Leonard Garcia knew the call was coming.
Following his loss to Cody McKenzie at UFC 159 last weekend that marked his fifth defeat in a row inside the Octagon, Garcia had no illusions that his job would be saved with the promotion.
If anything, Garcia was mad at himself for putting on such a lackluster performance after a career made by wild fights that usually kept the crowd on their feet. The writing was on the wall minutes after his loss to McKenzie—he was no longer a UFC fighter.
"After the (Cody) McKenzie fight, I made it easy (for the UFC to release me)," Garcia told Bleacher Report on Thursday. "That was hands down my worst performance. It was one of those things where I never got going, I felt flat and I don't know what it was exactly, but I just didn't feel good. I never got going. I never did anything I trained to do. I was in a bad place the whole time. I made the decision really easy for the UFC."
Garcia's career with the UFC was filled with hills and valleys of close decisions and controversial wins and losses, and he never believes he fought to his true potential. The sting of his last defeat mixed with his release from the UFC served as a major wake-up call to the veteran fighter.
"The way I'm looking at this now is it's not over. This is a new chapter," Garcia said. "This is something that I needed for myself. It's been a great ride. They were actually trying to find a way to hold on, to keep me on board. Being with that said I know they want me back. I've got to go out and make a change."
Throughout Garcia's time with the organization, UFC president Dana White often championed Garcia for his willingness to take any fight and make it exciting for the fans. Being exciting isn't enough to save a job when it's accompanied by five losses in a row, and Garcia knew the axe was going to fall.
At only 33 years of age, however, Garcia isn't ready to call it quits, pick up his gloves and go home. He may be a bit of an old dog, but he's ready to learn some new tricks.
It will begin with a part-time move to Sacramento, as he will prepare ready for fights from now on with the stellar group of fighters working at Team Alpha Male. With new head coach Duane "Bang" Ludwig leading the way, who also just so happens to be Garcia's cousin, the team has found nothing but success under his regime.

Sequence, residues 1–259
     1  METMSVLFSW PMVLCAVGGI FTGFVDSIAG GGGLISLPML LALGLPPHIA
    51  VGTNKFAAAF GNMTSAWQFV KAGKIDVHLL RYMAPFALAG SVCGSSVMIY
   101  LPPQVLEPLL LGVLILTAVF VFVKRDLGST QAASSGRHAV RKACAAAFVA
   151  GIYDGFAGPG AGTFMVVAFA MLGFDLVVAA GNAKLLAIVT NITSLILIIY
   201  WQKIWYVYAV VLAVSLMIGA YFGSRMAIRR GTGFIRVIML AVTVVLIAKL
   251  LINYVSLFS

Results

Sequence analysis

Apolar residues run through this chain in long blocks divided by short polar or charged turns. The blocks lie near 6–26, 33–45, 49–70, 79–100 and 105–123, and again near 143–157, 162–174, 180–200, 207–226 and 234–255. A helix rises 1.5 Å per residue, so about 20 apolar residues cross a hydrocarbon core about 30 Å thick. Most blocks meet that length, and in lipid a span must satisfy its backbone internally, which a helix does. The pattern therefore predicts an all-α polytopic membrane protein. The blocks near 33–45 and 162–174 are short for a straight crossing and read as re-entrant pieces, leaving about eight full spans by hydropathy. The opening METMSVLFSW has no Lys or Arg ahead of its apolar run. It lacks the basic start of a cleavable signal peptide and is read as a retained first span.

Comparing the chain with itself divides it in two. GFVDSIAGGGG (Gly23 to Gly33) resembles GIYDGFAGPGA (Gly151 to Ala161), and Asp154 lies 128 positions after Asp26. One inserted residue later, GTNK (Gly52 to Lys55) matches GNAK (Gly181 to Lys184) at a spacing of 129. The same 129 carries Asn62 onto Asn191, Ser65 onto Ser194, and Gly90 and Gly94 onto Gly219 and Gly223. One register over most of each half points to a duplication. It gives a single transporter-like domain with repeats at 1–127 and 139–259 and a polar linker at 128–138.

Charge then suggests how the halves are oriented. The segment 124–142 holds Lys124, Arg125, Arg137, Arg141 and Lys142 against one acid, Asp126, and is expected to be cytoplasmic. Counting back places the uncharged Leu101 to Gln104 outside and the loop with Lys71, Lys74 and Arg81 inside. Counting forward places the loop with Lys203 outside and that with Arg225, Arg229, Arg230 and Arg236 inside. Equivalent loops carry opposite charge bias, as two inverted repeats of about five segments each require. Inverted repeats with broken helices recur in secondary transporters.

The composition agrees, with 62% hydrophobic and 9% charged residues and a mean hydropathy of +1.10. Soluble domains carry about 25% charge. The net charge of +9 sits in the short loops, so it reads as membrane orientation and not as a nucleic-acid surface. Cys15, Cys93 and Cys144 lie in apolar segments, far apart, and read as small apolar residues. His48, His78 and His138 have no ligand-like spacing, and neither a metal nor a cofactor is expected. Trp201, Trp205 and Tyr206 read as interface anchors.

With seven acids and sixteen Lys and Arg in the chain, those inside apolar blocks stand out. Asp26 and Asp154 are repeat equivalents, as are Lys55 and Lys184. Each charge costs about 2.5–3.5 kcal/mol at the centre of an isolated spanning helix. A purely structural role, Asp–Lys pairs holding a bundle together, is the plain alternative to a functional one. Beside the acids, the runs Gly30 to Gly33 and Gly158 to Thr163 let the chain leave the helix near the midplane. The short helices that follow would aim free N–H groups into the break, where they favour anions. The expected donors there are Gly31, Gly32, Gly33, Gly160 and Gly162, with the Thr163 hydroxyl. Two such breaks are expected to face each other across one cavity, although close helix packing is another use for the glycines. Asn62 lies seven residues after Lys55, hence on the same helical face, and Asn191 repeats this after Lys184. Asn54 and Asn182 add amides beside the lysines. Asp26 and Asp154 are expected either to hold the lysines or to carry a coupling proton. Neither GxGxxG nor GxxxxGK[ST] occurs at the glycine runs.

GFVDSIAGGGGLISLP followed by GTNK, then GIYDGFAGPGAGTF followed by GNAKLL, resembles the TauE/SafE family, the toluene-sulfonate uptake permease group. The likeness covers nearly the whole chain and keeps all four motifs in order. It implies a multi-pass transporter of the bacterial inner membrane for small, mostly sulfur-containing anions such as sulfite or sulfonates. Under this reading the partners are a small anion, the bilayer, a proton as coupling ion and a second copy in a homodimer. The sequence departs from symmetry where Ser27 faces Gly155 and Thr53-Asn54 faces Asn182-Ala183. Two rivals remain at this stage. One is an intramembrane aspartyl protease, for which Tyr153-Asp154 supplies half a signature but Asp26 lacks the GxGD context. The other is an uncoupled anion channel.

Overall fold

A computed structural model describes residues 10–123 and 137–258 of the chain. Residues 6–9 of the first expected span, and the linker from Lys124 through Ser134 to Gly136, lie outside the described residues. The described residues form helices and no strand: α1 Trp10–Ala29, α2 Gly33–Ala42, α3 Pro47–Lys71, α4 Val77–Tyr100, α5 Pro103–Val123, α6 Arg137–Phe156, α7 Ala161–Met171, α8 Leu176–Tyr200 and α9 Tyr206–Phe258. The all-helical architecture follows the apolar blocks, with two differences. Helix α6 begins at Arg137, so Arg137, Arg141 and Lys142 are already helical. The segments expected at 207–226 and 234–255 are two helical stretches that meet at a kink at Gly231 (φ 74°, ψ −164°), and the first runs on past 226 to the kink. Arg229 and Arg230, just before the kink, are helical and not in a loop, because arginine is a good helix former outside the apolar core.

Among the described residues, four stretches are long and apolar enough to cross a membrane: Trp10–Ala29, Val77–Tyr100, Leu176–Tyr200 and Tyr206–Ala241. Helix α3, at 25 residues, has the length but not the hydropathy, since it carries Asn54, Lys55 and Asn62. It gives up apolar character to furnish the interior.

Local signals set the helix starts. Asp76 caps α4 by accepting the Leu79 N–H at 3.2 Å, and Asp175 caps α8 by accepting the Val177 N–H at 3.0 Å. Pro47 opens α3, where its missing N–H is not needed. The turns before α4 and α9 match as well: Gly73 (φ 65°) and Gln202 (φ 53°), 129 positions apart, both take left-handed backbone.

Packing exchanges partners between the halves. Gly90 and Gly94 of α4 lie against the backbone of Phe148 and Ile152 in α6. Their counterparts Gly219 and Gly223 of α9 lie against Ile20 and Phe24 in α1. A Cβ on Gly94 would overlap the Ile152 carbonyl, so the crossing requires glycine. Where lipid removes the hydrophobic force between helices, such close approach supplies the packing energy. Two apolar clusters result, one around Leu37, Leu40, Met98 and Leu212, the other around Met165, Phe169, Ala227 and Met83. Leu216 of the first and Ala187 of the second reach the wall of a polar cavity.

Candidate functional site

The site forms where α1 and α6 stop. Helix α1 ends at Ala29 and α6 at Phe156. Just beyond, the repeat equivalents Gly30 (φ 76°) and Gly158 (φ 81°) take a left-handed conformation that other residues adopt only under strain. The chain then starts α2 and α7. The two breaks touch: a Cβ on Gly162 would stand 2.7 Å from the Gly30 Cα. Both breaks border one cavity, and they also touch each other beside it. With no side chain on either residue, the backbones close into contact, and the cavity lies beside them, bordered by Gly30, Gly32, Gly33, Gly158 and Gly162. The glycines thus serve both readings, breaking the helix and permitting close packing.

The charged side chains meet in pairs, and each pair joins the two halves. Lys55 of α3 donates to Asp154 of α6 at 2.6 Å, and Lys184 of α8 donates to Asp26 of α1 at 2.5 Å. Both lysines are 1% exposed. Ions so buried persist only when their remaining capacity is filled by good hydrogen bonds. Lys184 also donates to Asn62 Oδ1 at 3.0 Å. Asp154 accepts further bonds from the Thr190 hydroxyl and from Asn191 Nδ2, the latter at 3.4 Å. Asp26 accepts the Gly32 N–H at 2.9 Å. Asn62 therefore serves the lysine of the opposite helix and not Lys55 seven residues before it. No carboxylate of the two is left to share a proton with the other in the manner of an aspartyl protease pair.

Garcia wants to capture that same kind of magic for his own career.
"I talked to my cousin Duane Ludwig and I feel like maybe making a move to Team Alpha Male for half my camp from here on out," Garcia revealed. "I want to spend five or six weeks out there with them, and then five or six weeks at home. Being as I'm trying to fight in July, I want to get out there pretty quick. It's something that I've been told from day one you've got to work on your wrestling. You've got to work on getting to your feet when guys get you down.
"At Alpha Male, there's a room full of guys that can take me down and hold me there. Being that their school is geared that way and I have my cousin there to keep sharpening my stand-up skills, and if you've been watching all of those guys' stand-up skills have been getting a whole lot better. I feel like I'm getting the best of both worlds out there."
For the last six years of his life, Garcia has called New Mexico home, where he's trained under coaches Greg Jackson and Mike Winkeljohn alongside his teammate and close friend Donald "Cowboy" Cerrone. The move to Team Alpha Male is in no way Garcia's way of exiting the team at Jackson's.
In reality, it's just a supplement to his regular training camp. He hopes to inject some new life into his preparation as he looks for fights outside the Zuffa family for the first time in more than six years.
"My team is okay with it, (Donald) "Cowboy" (Cerrone) was okay with it, all the guys at Jackson's said, 'Oh that's fine, that's a great place, especially for you to work on things you need to work on.' This is something that had to happen," Garcia said. "I wish this is something that would have happened a little sooner, but desperate times call for desperate measures. I'm never going anywhere, I'm never going to leave Jackson's. That's my team."
Spending so much time at Jackson's was both good and bad for Garcia over the last couple of years. As great as the coaching and team were in New Mexico, Garcia admits training with the same fighters on a daily basis led to him adapting to their styles and never evolving his own game.
At Team Alpha Male, Garcia will be in a room full of new training partners and new coaches, and it's the kind of shock his system needs right now.
"I need to be the new guy in the room, and what better place," Garcia stated about the Sacramento-based camp.
With Jackson's blessing, Garcia is hoping to pick up shop and start working with the new team right away because his desire is to book a fight by July. He wants to gather no rust sitting out and waiting for things to happen.
The goal for Garcia is to fight in July, and if he wins and comes away healthy, he wants to be available for a fight as early as August, even if the UFC needs him on short notice. Either way, Garcia wants to be back in the UFC no later than the end of 2013 and then never leave again until he calls it a career.
"I want to end my career with the UFC," Garcia said. "I don't want to end it at smaller shows. This is something that's a big drive for me. The Korean Zombie (Chan Sung Jung) rematch is a dream of mine, it's something I think about all the time. I have to be in the UFC for that to happen so I've got some work to do."
Damon Martin is a Featured Columnist for Bleacher Report, and all quotes were obtained firsthand unless otherwise noted.